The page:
Score as written for the film: ***
    Score as heard on album: **
    Overall: **

Bias Check:For John Williams reviews at Filmtracks, the average editorial rating is 3.74 (in 69 reviews)
and the average viewer rating is 3.59 (in 338,055 votes). The maximum rating is 5 stars.

 Viewer Ratings and Comments:  

Regular Average: 3.42 Stars
Smart Average: 3.29 Stars*
***** 224 
**** 187 
*** 175 
** 119 
* 88 
  (View results for all titles)
    * Smart Average only includes
         40% of 5-star and 1-star votes
              to counterbalance fringe voting.
   Agreed on El Watusi
  Richard Kleiner -- 10/15/10 (2:36 p.m.)
   Filmtracks Sponsored Donated Review
  Todd China -- 5/3/09 (10:00 a.m.)
   JFK @ Score Wars
  Minimike -- 5/19/06 (12:20 p.m.)
Read All | Add New Post | Search | Help  

 Track Listings: Total Time: 64:16

• 1. Prologue (4:00)
• 2. The Motorcade (5:14)
• 3. Drummers' Salute - traditional adaptation (2:55)
• 4. Theme from J.F.K. (2:23)
• 5. Eternal Father, Strong to Save (For Those in Peril on the Sea) - traditional (1:19)
• 6. Garrison's Obession (2:33)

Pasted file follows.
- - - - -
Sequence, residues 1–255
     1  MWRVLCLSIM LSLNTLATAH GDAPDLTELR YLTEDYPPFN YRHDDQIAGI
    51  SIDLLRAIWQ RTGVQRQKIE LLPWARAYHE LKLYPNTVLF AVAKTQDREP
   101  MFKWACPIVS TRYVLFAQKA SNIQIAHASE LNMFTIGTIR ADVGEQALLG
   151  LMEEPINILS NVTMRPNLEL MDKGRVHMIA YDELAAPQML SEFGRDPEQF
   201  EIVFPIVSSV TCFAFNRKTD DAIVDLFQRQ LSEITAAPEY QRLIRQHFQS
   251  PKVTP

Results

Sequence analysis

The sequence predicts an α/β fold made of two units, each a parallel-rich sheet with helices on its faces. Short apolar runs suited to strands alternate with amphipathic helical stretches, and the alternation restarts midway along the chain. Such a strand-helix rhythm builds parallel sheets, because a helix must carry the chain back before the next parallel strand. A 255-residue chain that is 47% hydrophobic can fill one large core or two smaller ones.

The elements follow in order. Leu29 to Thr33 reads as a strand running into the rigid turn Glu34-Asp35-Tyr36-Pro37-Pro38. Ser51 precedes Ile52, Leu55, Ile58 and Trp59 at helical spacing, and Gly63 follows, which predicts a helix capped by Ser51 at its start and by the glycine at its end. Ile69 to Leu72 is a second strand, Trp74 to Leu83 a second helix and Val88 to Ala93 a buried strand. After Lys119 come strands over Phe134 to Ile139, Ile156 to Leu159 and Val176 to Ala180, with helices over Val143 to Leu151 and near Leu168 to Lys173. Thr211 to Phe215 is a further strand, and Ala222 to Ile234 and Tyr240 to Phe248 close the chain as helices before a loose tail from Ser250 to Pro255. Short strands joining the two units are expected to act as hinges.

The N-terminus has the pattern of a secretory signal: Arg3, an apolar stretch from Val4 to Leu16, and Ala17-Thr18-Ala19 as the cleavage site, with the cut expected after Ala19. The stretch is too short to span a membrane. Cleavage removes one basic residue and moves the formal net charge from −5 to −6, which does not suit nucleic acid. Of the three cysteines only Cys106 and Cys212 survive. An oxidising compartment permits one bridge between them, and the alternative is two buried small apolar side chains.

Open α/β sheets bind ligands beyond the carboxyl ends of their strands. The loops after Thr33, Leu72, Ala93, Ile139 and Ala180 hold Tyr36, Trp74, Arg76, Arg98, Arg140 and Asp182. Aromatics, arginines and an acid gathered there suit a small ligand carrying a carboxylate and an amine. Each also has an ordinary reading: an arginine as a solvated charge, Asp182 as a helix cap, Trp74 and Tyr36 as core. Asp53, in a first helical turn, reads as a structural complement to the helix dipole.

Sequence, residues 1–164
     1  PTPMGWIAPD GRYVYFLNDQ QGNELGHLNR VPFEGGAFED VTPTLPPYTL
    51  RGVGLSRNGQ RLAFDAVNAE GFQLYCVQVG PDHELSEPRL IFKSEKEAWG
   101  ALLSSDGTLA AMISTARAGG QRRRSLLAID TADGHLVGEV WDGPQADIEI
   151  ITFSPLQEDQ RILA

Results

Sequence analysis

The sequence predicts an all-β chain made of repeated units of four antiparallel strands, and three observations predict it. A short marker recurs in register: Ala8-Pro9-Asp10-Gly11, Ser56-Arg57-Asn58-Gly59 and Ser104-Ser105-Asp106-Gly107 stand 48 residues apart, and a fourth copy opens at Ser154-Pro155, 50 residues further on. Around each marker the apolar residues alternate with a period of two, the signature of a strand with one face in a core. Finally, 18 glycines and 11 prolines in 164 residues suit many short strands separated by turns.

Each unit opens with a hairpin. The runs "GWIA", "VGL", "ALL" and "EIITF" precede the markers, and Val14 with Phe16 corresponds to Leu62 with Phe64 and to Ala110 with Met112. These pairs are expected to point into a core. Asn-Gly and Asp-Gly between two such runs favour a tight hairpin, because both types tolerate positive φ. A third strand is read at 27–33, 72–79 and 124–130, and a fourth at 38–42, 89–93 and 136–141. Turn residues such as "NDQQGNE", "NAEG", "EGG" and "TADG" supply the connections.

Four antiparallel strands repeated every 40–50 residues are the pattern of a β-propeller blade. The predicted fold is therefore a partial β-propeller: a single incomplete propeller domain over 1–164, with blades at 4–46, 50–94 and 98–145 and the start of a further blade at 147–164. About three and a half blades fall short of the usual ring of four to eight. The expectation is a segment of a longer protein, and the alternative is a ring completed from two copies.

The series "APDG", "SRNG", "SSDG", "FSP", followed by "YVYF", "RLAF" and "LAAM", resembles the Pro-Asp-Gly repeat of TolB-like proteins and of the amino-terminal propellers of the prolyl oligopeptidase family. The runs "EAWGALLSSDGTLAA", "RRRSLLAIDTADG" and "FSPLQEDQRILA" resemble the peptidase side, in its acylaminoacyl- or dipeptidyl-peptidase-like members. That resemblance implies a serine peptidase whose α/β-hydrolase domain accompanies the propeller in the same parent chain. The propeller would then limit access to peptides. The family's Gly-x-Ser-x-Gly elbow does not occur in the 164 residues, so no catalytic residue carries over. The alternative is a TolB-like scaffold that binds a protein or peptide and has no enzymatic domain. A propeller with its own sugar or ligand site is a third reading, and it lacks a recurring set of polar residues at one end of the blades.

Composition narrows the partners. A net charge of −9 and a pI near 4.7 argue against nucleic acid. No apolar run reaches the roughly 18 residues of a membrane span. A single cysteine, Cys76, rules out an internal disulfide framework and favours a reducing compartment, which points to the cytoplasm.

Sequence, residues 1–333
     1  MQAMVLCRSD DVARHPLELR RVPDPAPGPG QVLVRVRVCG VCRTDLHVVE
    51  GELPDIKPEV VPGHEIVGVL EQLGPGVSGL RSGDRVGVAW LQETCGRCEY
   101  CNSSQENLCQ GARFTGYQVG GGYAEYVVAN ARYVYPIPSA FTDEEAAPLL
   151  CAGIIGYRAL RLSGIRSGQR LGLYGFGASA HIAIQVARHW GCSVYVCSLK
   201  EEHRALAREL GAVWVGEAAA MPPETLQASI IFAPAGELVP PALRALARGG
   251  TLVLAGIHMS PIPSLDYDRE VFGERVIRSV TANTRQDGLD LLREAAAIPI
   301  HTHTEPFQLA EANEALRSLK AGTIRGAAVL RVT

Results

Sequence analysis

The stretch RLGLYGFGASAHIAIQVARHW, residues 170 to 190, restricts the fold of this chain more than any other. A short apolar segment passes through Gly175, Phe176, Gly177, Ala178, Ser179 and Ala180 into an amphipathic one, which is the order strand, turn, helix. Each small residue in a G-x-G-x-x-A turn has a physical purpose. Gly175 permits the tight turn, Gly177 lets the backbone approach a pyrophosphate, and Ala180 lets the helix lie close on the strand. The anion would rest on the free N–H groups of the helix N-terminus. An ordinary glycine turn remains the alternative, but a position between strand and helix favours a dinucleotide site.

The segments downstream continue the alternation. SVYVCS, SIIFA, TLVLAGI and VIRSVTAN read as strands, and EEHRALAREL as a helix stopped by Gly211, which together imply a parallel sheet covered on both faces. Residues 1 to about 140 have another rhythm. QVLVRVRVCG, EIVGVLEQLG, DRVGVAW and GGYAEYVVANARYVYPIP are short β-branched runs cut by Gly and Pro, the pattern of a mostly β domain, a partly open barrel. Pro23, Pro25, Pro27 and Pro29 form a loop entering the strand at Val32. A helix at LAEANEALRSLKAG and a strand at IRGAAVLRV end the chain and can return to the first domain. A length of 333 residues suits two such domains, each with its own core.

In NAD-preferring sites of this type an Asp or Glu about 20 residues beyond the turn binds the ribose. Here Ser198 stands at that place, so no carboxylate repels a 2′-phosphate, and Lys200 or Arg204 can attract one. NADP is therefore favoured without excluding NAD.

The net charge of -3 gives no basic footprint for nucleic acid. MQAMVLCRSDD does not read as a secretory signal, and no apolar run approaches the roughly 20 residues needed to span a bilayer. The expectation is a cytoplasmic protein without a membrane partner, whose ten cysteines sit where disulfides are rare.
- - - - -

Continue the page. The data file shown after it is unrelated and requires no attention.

• 7. On the Sunny Side of the Street - performed by Sidney Bechet (4:13)
• 8. The Conspirators (4:04)
• 9. The Death of David Ferrie (2:47)
• 10. Maybe Sepetember - performed by Tony Bennett (4:03)
• 11. Garrison Family Theme (2:14)
• 12. Ode to Buckwheat - performed by Brent Lewis (3:54)
• 13. El Watusi - performed by Ray Barretto (2:41)
• 14. The Witnesses (2:46)
• 15. Concerto #2 For Horn and Orchestra, K. 417:1 Allegro Maestoso - written by Mozart, Clevenger, and Liszt (6:29)
• 16. Arlington (6:29)
• 17. Finale (3:14)
• 18. Theme from JFK (Reprise) (2:23)

 Notes and Quotes:  

The insert includes no extra information about the score or film.

  All artwork and sound clips from JFK are Copyright © 1992, Elektra Entertainment. The reviews and other textual content contained on the site may not be published, broadcast, rewritten or redistributed without the prior written authority of Filmtracks Publications. Audio clips can be heard using RealPlayer but cannot be redistributed without the label's expressed written consent. Page created 6/2/98 and last updated 5/10/07. Review Version 5.1 (PHP). Copyright © 1998-2015, Christian Clemmensen (Filmtracks Publications). All rights reserved.